Greater Yellowstone Ecosystem 2019 Miniseries

Episodes 015 - 019 Wilderness Podcast

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Wilderness Without Compromise in the Gallatin Range | Joe Scalia | Gallatin Yellowstone Wilderness Alliance | GYE 2019 | Ep. 019

Release Date: October 3rd, 2019

Joe Scalia III of Livingston, MT with the Gallatin Yellowstone Wilderness Alliance

For the final episode of my 2019 Greater Yellowstone Ecosystem miniseries, I interview Joe Scalia with the Gallatin Yellowstone Wilderness Alliance. Joe and his new organization have formed to provide an alternative voice for the Gallatin Range and surrounding wildlands in Montana.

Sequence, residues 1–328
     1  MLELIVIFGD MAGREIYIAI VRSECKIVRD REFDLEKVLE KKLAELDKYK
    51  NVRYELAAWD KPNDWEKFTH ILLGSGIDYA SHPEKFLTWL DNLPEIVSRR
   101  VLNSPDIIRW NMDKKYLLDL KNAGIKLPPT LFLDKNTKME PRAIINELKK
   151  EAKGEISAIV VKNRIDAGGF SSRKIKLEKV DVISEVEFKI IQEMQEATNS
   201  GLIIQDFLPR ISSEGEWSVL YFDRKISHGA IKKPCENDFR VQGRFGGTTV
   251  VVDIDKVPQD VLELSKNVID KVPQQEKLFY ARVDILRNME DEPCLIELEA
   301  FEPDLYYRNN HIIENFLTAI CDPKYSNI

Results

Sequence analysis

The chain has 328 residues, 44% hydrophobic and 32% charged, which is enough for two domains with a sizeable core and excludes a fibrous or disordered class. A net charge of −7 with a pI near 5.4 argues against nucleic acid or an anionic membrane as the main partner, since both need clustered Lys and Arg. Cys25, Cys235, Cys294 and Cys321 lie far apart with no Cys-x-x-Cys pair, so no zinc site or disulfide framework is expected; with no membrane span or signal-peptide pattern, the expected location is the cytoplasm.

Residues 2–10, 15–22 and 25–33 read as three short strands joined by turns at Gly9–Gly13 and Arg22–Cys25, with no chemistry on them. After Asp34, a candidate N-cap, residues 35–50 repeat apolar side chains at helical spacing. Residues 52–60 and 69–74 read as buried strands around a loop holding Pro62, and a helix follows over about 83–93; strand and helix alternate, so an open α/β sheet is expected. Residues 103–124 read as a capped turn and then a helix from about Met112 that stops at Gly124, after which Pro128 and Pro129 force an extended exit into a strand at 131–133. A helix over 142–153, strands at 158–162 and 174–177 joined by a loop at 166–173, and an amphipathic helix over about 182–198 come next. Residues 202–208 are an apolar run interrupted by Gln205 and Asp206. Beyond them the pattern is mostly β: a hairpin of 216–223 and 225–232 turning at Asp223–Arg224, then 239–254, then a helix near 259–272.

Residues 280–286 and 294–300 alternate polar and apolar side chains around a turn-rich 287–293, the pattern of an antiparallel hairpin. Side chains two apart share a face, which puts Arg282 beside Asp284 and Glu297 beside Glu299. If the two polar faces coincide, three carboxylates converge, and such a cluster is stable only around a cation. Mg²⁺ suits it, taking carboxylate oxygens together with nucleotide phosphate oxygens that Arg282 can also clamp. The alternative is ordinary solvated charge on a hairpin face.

They are advocating for the full 250,000 acres of roadless area in the Gallatin Mountain Range to be designated as federally protected wilderness (most closely aligned with alternative D in the recently revised Forest Service Management Plan) and are opposed to the Gallatin Forest Partnership and their compromise-based approach where they are working in conjunction with timber, mountain biking and snowmobiling interests. The Gallatin Forest Partnership is advocating for about 100,000 acres as recommended wilderness. In case you missed the last episode with Scott Brennan from The Wilderness Society (a member of the Gallatin Forest Partnership), I encourage you to have a listen to get a more complete picture.